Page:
The Space Between Two Sentences
As the Mexican hands me
the salsa, I can tell that he has murdered someone. That’s
all I know, other than he could do it again. His culpability shows in the
grim way he holds his chin, as if his face never knew a smile, not as an
but maybe as a child under five. I see him often at lunchtime and I watch,
looking for murderer-type signs, but he doesn’t carry a weapon or
make threats; he scoops chips out of a bin into yellow baskets.
The chick at the gas station counter skims the till; her extroverted and
inquisitive questions indicate that she’s getting braver and greedier. She tosses my
change onto the counter, ignoring my outstretched hand, and snorts, “I
just can’t keep money in my hands, falls through like water.”
A man with red hair passes me in the parking lot, his mouth tightened with
rage. He tries to contain himself, but I can’t blame him; without consulting
her husband, his wife recently invested their entire savings into a bunk
I don’t always see clearly into people, more like a hazy flicker. I mentioned
this debatable gift to a co-worker at the post office. I minimize, revealing
just that I get vibes. Velma and I speculate on the customers who
come in to mail packages. This one eats Spam and calls his mother every other
night. That one drove a VW Bug in college when he was free, but his new wife
doesn’t want to know about his past, just wants him to keep the SUV clean
and the checks coming in. One lady buys clothes at Goodwill, but pretends they’re
from Macy’s, another hires younger men for massages and kids herself that
they really enjoy her company. Our stories are for our own pleasure, to laugh,
to pass the time, to make the job more interesting. Velma doesn’t know
that I see many of these attributes.
My brother’s new girlfriend is coming over tonight. I don’t want
to meet her. He doesn’t really want me to meet her either, because I’m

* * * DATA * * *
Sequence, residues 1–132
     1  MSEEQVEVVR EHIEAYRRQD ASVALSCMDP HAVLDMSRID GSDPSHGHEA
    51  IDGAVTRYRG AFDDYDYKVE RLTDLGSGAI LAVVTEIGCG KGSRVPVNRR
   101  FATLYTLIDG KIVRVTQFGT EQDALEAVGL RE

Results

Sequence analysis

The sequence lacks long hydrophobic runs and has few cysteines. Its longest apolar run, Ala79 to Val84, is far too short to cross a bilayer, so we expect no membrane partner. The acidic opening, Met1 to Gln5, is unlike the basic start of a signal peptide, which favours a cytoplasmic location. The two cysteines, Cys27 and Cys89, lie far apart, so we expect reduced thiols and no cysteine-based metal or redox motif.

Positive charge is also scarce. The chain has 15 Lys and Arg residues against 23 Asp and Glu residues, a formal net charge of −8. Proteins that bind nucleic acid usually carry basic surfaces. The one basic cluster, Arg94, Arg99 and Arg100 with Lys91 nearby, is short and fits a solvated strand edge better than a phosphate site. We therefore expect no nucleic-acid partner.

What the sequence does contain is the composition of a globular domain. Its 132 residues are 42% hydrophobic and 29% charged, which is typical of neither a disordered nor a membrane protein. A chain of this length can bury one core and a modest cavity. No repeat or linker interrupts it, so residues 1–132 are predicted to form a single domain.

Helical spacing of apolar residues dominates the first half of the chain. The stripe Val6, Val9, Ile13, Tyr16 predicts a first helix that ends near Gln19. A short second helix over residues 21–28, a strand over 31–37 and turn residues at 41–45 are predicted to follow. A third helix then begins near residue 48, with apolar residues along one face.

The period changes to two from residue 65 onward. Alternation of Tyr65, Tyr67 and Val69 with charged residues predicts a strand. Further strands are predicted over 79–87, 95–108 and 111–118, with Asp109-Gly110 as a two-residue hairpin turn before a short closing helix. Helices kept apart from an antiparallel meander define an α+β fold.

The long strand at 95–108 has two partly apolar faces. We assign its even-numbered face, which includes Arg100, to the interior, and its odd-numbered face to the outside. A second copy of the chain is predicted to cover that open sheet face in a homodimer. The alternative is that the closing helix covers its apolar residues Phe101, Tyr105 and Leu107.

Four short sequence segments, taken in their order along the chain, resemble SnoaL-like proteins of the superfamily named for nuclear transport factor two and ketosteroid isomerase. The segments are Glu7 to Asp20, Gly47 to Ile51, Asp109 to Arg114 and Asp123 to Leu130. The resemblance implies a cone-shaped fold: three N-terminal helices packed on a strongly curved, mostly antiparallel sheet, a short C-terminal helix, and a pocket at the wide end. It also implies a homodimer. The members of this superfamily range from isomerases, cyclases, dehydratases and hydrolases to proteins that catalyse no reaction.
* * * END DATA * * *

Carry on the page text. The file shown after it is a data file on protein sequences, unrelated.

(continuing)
usually cold and rude to his dates. On the other hand, he wants me to like them,
so he brings one around now and then. Since we live together, he always lets
me know if anyone is stopping by. The last date had herpes. The one before was
molested at age four by several uncles. One girl, fixated with money, would have
emptied my brother’s account in no time. Another hated men, but wanted
to make her girlfriend jealous. My bother confirmed the molested girl and my
neighbor knew the money-hungry one. The rest I’ll probably never hear
The bank teller is cheating on her boyfriend with a man who wears silk shirts.
She can’t control herself because the obsession is unstoppable. The
man next to me in line at the movies is dying of liver disease. The woman
him doesn’t know about his illness; they met online and this is only
their third date. She’s concerned that someone is following her, could
be an ex-husband. No, an ex-boyfriend she also met online, a situation she
She gave him too much of herself via the Internet and when they met face
to face, his neediness repulsed her. The woman behind me grieves over her
Her cousin next to her thinks a movie is the perfect grief-avoiding event,
and loves to eat. She binges at night on pasta, taking huge bites.
* * *
I can’t read everyone and I don’t even know if I’m right most
of the time. Perhaps my imagination is overactive? It’s not like I can
walk up to the girl at the ATM and ask, “Is it true that after you quit
the San Francisco Ballet Company, you gained thirty pounds in four months and
now avoid your dancing friends?” Or, could I approach the parking lot attendant
and ask him to confirm that he spent one high-school summer on an aunt’s
farm in Kansas where he shot his first and only animal: a rabbit that lay
dead, eyes opened, in a perfect curled pose, reminding him of a sleeping